Cleveland Police recognised for work around dementia

Work by Cleveland Police to improve the way we support some of the most vulnerable in our communities has reached the finals of a national award.

The Force has been shortlisted as a finalist in the Alzheimer’s Society Dementia Friendly Awards as ‘Dementia Friendly Organisation of the Year (Small & Medium)’.

The nomination recognises that Cleveland Police was the first Force in the country to run the ‘Safe Haven’ scheme.

The Force partnered with six local care homes to arrange places of safety. This means if officers are dealing with a person living with dementia who is found lost or disorientated they can seek refuge at one of the havens, rather than in a police vehicle or station, while officers make inquiries to assist them.

Cleveland was the second Force in the country to introduce ‘The Herbert Protocol’. This is an initiative which aims to store information which could help police should a person with dementia go missing. The Protocol encourages the family and friends of the person living with dementia to keep a record of places they may visit to assist police.

The Force has also delivered Dementia Friendly training to hundreds of officers, staff and contractors, such as those working in our custody environment.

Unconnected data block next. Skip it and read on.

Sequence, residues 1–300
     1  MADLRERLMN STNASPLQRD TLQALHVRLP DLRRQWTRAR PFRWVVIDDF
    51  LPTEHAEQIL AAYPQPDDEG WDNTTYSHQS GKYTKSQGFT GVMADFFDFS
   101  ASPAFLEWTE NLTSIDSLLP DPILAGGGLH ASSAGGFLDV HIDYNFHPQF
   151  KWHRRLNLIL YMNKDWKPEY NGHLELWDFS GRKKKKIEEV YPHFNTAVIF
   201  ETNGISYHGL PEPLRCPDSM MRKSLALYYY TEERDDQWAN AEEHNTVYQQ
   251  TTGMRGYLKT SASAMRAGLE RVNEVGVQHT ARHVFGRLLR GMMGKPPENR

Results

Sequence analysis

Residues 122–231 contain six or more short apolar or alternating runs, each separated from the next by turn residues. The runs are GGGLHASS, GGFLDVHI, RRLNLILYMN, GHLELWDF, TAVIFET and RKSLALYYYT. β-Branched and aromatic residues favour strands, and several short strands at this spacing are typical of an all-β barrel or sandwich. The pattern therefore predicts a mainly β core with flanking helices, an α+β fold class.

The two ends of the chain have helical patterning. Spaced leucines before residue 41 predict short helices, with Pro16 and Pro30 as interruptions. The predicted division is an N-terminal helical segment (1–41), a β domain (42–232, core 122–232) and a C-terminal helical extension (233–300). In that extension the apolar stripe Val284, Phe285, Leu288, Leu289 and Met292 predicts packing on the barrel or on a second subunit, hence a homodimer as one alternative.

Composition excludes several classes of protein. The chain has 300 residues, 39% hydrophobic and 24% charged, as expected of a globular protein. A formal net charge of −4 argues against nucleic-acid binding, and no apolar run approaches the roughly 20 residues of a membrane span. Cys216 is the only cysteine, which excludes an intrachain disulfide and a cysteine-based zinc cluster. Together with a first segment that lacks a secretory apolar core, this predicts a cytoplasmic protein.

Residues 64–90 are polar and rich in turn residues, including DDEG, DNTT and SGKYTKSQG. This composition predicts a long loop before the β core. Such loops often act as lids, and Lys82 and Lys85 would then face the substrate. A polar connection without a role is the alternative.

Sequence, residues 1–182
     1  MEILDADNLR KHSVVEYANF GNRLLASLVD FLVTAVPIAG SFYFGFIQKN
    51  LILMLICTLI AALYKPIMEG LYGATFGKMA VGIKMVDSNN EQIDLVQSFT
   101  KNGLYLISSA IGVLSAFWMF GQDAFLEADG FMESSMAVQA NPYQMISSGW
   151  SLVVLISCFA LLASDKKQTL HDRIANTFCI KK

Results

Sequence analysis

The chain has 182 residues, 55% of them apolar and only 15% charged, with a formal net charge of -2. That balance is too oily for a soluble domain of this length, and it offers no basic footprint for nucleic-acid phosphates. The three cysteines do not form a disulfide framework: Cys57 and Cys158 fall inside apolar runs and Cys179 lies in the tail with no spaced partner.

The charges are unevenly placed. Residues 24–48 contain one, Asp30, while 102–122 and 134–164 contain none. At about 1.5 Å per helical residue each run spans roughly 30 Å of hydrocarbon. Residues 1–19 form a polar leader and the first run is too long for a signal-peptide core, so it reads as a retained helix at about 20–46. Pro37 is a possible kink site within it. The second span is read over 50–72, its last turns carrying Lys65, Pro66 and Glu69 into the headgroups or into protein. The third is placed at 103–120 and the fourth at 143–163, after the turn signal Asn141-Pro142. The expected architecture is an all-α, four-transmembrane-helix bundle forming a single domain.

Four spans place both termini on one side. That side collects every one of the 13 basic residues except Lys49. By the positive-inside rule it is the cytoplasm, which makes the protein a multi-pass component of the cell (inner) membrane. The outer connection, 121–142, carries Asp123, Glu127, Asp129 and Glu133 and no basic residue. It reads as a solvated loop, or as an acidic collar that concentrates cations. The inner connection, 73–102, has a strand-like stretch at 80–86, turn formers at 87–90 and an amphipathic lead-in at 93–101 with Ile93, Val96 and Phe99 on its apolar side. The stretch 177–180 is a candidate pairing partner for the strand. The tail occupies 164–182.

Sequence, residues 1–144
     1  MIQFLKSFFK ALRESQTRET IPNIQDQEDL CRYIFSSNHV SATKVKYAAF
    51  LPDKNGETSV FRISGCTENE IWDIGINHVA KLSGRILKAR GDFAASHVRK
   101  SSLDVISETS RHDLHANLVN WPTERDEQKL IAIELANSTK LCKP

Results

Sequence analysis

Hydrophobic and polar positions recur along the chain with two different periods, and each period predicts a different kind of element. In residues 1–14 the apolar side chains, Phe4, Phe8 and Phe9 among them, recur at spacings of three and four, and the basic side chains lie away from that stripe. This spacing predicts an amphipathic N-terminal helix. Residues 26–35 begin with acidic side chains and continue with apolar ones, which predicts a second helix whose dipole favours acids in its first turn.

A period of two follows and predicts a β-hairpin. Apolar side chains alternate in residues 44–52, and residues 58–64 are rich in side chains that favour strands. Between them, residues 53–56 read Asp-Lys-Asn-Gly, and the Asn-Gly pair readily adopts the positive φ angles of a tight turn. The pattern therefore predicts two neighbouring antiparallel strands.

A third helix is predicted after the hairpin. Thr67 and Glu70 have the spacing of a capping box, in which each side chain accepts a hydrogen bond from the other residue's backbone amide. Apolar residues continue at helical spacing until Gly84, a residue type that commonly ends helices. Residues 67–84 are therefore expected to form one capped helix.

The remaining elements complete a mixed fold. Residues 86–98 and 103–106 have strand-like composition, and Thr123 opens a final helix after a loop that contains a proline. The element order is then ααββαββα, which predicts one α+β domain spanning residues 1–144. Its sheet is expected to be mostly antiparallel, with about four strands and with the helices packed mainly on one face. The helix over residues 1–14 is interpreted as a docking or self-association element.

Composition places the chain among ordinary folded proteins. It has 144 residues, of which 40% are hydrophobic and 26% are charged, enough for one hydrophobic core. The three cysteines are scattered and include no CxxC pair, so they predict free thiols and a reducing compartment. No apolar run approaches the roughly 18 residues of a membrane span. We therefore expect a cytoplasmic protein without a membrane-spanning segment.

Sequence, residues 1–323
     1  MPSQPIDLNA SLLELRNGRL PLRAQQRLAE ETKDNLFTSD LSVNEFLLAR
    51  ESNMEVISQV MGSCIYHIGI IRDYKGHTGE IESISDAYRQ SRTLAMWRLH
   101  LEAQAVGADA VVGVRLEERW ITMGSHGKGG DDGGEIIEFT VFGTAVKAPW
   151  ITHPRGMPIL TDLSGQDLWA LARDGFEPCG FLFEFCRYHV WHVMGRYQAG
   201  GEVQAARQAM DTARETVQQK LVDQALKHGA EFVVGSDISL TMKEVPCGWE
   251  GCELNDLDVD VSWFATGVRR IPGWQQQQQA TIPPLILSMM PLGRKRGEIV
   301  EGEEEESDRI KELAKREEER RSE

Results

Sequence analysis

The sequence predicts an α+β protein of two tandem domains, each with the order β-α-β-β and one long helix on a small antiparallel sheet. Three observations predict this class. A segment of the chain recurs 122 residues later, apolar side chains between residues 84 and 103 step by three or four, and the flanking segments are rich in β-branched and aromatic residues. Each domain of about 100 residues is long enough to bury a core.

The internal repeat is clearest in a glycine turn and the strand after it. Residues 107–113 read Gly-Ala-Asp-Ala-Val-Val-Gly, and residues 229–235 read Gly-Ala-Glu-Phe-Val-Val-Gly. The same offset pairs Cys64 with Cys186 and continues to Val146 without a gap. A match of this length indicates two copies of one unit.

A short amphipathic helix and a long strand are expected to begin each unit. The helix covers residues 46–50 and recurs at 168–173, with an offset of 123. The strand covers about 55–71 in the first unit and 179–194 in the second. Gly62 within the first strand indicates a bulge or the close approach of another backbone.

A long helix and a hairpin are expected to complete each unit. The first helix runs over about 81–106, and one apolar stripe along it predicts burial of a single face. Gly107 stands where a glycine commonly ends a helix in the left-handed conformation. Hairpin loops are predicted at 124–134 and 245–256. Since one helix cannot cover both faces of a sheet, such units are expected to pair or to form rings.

In addition all of Cleveland Police’s marked vehicles display the ‘Dementia Friendly’ sticker to show awareness of how to assist those living with dementia.

Inspector Phil Spencer, Cleveland Police’s Blue Light and Wellbeing Coordinator, said: “I’m delighted our work to assist those living with dementia has been recognised.

“We’re proud that hundreds of people across our Force have completed Dementia Friendly training and all of our new recruits are starting their careers as Dementia Friends.

“I’m grateful to the commitment from teams and individuals across the Force who have ensured the success of these schemes.

“We’ve also had fantastic support from external partners including local representatives of the Alzheimer’s Society.”

Police and Crime Commissioner Barry Coppinger, who is also a recognised Dementia Champion, said: “There has been a great effort within Cleveland Police to establish themselves as a Dementia Friendly organisation, which I have supported enthusiastically. It’s important that the police reflect and understand the communities they serve and I’m pleased their work has been recognised nationally.

“The close partnership working we have in Cleveland means officers, staff, volunteers and police cadets have all been able to improve their knowledge and establish processes to help improve their service for people living with dementia.”